Now Reading:legalization | Vermont will be the first state to legalize weed without allowing people to buy it
Instead, citizens will only be allowed to grow their own weed.
Only hours after the Department of Justice rescinded the document protecting legal marijuana states from federal law enforcement agencies, Vermont has become the first state to pass a marijuana legalization bill through its legislature.
In a vote of 81 to 63, Vermont’s State House of Representatives passed a measure which would allow its citizens to possess up to one ounce of cannabis and cultivate up to two mature plants at home for personal use by adults over the age of 21.
The legislation now heads to the state Senate where it is expected to be passed onto the Governor Phil Scott who has indicated that he would sign the bill into law. This would be the first time any state has passed a recreational marijuana law in this way.
The eight states and the District of Columbia, which currently have legal recreational marijuana have all legalized through a direct vote from their citizens.
In his State of the State address on Thursday, Governor Scott expressed some concern that cannabis was the biggest news story in Vermont last year.
“Imagine how it must seem to a family who’s struggling to get by,” Scott said, “who can’t afford to pay their property tax bill, to turn on the news and hear that the marijuana debate was ranked Vermont’s number one news story of 2017.”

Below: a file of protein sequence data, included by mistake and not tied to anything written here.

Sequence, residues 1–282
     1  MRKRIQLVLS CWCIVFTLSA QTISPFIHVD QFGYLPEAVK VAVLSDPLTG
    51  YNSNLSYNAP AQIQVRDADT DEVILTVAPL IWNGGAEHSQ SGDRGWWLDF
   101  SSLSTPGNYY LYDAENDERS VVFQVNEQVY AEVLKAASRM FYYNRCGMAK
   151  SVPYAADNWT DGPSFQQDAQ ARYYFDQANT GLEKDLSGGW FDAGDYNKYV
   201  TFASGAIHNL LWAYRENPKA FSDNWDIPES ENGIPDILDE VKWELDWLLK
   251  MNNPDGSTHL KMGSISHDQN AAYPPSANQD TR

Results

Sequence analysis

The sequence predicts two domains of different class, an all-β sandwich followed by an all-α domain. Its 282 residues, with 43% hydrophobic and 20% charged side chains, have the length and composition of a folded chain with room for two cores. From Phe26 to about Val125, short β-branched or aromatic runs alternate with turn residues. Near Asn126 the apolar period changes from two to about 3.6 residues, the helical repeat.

The state’s lawmakers were expected to pass a legalization bill late last year but ran into some last-minute roadblocks which delayed the process. Both the State Senate and House approved an earlier version of the bill, but it was vetoed by the governor in order to make a few changes.
The governor is known to be wary of commercial sales of marijuana, which the first version of the bill had mentioned and opponents of legalization tried to add; knowing that Scott would veto it. Now that those sections of the bill have been removed, it is ready to be voted on again.
Through an executive order drafted just before the new year, the Governor created his own commission to explore the potential sale of cannabis in stores.
Having passed an earlier version of the law last summer, the Senate is expected to support the bill when it reaches the floor, meaning that Vermont could legalize by the end of January.
“It’s not a high priority for me, but I did make a commitment that I was supportive of the bill that was put together,” Scott told Vermont Public Radio (VPR) in December adding that he was “comfortable” with signing the bill.
A statewide poll conducted by VPR found that 55 percent of the Green Mountain State supports legalization.
“The political courage of Vermont’s lawmakers to break with nearly a century of legislative stagnation should be interpreted as a siren call in the halls of the state legislatures nationwide as well as the U.S. Capitol,” said NORML Political Director Justin Strekal.
As for a potential federal crackdown, Attorney General Jeff Sessions has left that decision to local US attorneys. In the case of Vermont, US Attorney Christina Nolan has declined to comment on the states effort to legalize but has hinted to the Burlington Free Press that her office may not have the resources for a crackdown saying, “We’re going to use the principles we’ve long used in all drug cases to prioritize our finite resources.”